We all recall IRS official Lois Lerner stepping before Congress, pointing the finger at others for the targeting of Barack Obama's political enemies and then turning around to plead the Fifth, which the House Oversight Committee claimed she waived. Following that little "stunt," Lerner was on paid leave of over $3,500 a week. It seems as more information has been coming out about collusion between the Federal Election Commission and the IRS, Lerner has decided to retire, and she'll be getting full pension benefits, likely worth more than $50,000 provided by the very people she and the IRS are alleged to have targeted.
Her retiring comes before the Treasury Department can fire her, which allows her to keep her pension.
Lerner's retirement on Monday comes as reports have come out indicating that IRS officials thought that Obama wanted a crackdown on Tea Party groups.
According to the Washington Times:
IRS employees were "acutely" aware in 2010 that President Obama wanted to crack down on conservative organizations and were egged into targeting tea party groups by press reports mocking the emerging movement, according to an interim report being circulated Tuesday by House investigators.
The report, by staffers for Rep. Darrell E. Issa, California Republican and chairman of the House Oversight and Government Reform Committee, quoted two Internal Revenue Service officials saying the tea party applications were singled out in the targeting program that has the agency under investigation because "they were likely to attract media attention."
In the report, the investigators do not find evidence that IRS employees received orders from politicians to target the tea party, and agency officials deny overt bias or political motives.
But the report says the IRS was at least taking cues from political leaders and designed special policies to review tea party applications, including dispatching some of them to Washington to be vetted by headquarters.
"As prominent politicians publicly urged the IRS to take action on tax-exempt groups engaged in legal campaign intervention activities, the IRS treated tea party applications differently," the staff report concludes. "Applications filed by tea party groups were identified and grouped due to media attention surrounding the existence of the tea party in general."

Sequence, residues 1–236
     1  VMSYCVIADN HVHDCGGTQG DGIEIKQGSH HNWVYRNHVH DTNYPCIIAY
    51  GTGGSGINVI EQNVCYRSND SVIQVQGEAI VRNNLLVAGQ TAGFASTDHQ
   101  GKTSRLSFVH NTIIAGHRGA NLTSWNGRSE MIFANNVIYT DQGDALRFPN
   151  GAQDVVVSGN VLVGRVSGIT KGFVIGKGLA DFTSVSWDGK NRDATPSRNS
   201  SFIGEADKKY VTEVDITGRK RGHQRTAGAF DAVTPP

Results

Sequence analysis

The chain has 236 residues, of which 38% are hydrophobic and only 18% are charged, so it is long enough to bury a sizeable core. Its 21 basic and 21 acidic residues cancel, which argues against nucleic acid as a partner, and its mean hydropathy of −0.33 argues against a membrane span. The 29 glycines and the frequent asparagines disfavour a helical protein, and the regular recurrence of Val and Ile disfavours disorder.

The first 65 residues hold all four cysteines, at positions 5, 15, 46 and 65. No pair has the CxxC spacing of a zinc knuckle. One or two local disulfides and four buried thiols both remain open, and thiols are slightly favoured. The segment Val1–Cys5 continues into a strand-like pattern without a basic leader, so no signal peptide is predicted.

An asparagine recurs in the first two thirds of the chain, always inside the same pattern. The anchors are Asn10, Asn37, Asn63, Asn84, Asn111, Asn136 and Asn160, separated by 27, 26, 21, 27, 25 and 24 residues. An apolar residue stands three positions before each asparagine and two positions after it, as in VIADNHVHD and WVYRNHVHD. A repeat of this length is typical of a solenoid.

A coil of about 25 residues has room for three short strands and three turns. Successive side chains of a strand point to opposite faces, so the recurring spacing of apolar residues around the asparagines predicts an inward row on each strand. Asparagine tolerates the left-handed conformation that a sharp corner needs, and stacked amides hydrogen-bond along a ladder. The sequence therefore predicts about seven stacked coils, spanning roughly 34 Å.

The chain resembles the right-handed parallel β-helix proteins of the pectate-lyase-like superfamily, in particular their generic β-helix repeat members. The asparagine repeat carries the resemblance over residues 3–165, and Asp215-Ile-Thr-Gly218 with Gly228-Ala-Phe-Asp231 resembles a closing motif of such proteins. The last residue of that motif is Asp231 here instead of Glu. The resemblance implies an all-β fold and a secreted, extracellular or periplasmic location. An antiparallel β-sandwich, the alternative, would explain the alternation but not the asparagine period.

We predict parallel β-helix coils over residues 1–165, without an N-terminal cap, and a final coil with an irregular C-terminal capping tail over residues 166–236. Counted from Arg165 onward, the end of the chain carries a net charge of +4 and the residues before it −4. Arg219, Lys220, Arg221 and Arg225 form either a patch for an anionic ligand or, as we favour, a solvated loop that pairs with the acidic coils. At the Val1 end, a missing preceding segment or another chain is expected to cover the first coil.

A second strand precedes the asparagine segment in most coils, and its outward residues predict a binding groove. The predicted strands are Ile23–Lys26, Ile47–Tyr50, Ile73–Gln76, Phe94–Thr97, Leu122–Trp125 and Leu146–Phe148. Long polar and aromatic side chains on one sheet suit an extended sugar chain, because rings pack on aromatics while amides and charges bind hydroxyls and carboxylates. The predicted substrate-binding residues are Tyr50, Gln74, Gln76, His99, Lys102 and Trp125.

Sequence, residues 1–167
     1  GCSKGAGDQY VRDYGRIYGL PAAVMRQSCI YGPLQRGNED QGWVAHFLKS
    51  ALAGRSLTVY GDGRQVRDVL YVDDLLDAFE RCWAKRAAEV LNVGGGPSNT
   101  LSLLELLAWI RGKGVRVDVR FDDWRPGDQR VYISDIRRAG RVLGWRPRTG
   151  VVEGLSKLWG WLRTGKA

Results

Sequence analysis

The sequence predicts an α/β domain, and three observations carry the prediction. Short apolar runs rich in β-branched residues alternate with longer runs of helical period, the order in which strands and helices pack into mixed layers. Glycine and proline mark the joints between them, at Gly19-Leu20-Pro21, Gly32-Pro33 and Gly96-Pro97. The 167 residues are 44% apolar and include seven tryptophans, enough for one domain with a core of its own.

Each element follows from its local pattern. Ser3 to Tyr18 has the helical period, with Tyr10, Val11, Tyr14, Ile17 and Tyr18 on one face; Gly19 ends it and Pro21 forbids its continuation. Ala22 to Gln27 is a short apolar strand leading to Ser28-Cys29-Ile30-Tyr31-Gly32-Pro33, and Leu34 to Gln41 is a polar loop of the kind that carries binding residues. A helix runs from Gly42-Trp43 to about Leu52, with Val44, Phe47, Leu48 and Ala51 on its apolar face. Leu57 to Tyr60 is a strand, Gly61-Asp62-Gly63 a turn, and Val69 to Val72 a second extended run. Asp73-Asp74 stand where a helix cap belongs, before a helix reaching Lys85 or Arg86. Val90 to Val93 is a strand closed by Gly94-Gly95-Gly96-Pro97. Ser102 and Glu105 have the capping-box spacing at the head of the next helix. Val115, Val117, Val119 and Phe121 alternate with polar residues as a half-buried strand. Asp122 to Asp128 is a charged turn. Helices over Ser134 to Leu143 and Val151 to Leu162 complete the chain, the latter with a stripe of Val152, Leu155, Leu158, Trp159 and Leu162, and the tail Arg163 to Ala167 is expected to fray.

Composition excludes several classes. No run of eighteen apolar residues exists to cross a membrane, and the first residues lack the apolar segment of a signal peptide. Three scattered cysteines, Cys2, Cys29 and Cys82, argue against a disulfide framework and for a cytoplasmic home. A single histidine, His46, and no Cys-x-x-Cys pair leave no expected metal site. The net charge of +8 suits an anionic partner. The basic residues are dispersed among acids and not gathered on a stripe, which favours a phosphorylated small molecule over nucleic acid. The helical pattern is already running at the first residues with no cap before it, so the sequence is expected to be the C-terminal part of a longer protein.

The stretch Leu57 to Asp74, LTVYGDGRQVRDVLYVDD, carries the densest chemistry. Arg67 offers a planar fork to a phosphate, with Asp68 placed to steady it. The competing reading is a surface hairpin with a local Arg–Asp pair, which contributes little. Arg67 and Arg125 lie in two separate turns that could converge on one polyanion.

This is in sharp contrast to the Democrats' claim that while an Accountability Review Board was set to recommend Lerner's ouster, it found no evidence of political bias.
The Daily Mail adds:
Lerner is still subject to subpoena and may return to testify in either the House Ways and Means or Oversight committee. That investigation could have resulted in her termination.
Initially, she claimed that the IRS's politically skewed targeting of conservative groups was driven by a handful of rogue employees in the Cincinnati, Ohio office where she worked.
But documents later surfaced, including some of her own emails, which contradicted that claim and appeared to point to senior managers in Washington, D.C. along with Lerner herself.
Utah Senator Orrin Hatch, senior Republican on the Senate Finance Committee, which oversees the IRS, said in a statement "Just because Lois Lerner is retiring from the IRS does not mean the investigation is over. Far from it," Utah Republican Sen. Orrin Hatch said in a statement."
"In fact, there are many serious, unanswered questions that must be addressed so we can get to the truth," he added.
The IRS said Monday that it "has taken decisive actions to correct failures in exempt organizations management, replacing top leadership throughout the chain of command."
"Our goal is to restore the public's faith and trust in the tax system," the statement added. "We have sent nearly 400,000 pages of documents to Congress and facilitated dozens of employee interviews. We look forward to continuing to cooperate with Congress and other investigations."
I can help the IRS out here. The American people have never had faith and trust in the tax system. It's immoral, it's crooked, and it's manipulative. It will always be that way until the IRS is totally done away with and the repeal of the Sixteenth Amendment. Then, maybe we can begin to have faith and trust in proper taxes. Until then, the IRS' claims to seek to restore something that has never been are nothing more than hot air.
Finally, the Daily Mail informs us that if Lois Lerner's position as a top IRS enforcer "were to place her in a special 'law enforcement officer' retirement category," the amount she would receive would be around $61,700. Additionally she will also receive credit for 50 percent of any unused sick leave, and she is able to seek employment in a law firm or advocacy group and maintain her pension. Oh goodie!
I seriously have to ask what Doug Powers asked: Has any accountability review board, in the last few years, ever actually held anybody accountable for anything?Don't forget to Like Freedom Outpost on Facebook, Google Plus, & Twitter. You can also get Freedom Outpost delivered to your Amazon Kindle device here.